Congratulations! You’re a podcaster! Aside from your family and friends, though, does anyone else know it? After “how do I become a podcaster,” the second most commonly asked question I see is “how do I get listeners?” So, how do you get listeners? How do you take a niche podcast like mine, It’s About Time, and get over 600% subscriber growth after just 5 episodes?
Some people will tell you to just make amazing content and people will find you. Sorry, that’s bull and this is a No Bull Zone! Many great products have failed because of poor marketing and many average products have succeeded thanks to good marketing. Look, if your product really stinks you’ve got an uphill battle, but once you have a decent product – an interesting idea with good quality audio – it’s time to start letting people know about it and convincing them they need you. You need to market. But how, you ask (again)?
I’m going to be honest with you. It ain’t easy. Unless you already have a mighty marketing machine behind you, such as the fine podcasters coming out of NPR, or a deep fan base from your successful television show, you’re starting at ground zero and there are 10’s of thousands of competitors. This is not meant to dissuade you. It just means you have work to do. The good thing is, most of those 10’s of thousands of other podcasters will not do the work to make it happen. What work?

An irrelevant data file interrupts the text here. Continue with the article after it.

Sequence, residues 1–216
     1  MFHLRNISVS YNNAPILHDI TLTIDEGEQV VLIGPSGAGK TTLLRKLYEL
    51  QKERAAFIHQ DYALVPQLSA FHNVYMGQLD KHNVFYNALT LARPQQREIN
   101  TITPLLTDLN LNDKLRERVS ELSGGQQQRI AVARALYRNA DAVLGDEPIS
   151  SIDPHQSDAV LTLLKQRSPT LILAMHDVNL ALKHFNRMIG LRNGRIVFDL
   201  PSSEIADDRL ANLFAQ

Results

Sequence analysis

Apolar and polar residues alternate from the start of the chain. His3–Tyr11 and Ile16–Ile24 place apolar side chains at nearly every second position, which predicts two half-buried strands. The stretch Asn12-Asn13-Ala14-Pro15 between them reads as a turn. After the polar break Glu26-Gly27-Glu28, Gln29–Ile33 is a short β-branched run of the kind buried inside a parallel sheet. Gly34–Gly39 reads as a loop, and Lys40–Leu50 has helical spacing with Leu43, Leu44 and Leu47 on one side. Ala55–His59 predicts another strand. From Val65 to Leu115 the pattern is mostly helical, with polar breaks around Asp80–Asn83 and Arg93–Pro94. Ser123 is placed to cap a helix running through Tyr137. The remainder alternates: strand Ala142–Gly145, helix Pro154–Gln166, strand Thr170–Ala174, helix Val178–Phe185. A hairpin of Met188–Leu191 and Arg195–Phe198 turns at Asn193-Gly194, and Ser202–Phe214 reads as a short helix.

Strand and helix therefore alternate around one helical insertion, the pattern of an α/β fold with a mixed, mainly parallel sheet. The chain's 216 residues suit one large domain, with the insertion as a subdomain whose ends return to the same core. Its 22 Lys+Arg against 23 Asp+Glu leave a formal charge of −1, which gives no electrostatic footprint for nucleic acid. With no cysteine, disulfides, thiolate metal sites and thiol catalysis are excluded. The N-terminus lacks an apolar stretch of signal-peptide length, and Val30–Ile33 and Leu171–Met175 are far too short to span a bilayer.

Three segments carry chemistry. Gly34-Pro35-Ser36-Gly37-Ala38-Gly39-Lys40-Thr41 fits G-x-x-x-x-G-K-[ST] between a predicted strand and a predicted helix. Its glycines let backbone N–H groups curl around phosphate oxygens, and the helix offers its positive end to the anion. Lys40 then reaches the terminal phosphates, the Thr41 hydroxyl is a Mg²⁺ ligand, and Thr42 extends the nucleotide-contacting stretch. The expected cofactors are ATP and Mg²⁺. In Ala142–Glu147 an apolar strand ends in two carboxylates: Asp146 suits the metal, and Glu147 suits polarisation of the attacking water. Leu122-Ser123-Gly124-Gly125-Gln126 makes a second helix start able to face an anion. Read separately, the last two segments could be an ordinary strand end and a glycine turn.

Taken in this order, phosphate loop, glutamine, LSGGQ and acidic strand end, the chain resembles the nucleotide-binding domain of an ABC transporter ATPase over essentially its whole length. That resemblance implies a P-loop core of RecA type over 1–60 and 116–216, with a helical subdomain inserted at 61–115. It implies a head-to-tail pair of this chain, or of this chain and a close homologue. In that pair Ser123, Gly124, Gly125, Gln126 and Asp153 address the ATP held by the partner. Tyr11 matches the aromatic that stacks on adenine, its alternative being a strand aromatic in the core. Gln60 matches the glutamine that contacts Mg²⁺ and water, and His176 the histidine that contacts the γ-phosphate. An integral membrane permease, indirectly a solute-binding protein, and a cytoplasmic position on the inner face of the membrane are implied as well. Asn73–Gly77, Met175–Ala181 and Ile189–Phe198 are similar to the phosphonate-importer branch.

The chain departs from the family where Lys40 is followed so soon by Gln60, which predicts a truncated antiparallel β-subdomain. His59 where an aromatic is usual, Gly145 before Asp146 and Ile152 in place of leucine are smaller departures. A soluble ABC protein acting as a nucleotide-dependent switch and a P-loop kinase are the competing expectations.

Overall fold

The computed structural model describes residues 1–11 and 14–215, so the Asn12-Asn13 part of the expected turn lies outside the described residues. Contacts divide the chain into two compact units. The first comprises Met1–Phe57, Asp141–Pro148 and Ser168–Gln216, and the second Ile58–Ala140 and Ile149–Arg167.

Know your intended audience
Who are the people who will really listen to you every episode? Your initial listeners are likely your family and friends and, for the most part, they’re listening to be supportive. They won’t last. Plus, the main thing that makes them listeners isn’t something you’re going to find out in the wide world; they are people you have history with. You’re looking for new listeners, aren’t you?
Are you doing a comedy podcast? If your humor is the type common among white college males, don’t try throwing 50 year old Chinese women into your demographic just because your mom’s best friend is a listener. Be honest about who you think will be hungry for your show. There are too many choices for the grazer. You want the person who will devour your production.
So, how do you know? That’s called market research. Look at shows you think are similar. Who are the top 5% of listeners? Who are those people who will actually talk about it on Social Media? Now, you’re not looking for those particular people – they already have a show – but you need to look at what types of things they like (time to look into Facebook Open Graph). Figure out what they have in common. Use that to identify who will be your core listener.
Great, so my core listener is a 32 year old divorced Jamaican woman with an unwanted tattoo and a predilection for Rocky and Bullwinkle reruns. Now what? Now you have to decide, is that a large enough demographic to support your aspirations or do you need to change what you do or change your aspirations. Will this demographic even listen to a podcast? As easy as it may seem for us to download a podcast, it’s still a barrier to entry for many. This is gut-check time. Do you have what it takes to press forward?
Reach out to them
You’ve made the adjustments necessary to align your show’s content and style with a demographic that can support your aspirations. How do you reach them? There are lots of ways, and some will work better with certain show concepts than others, while some will work better for certain demographics. Marketing methods to consider are: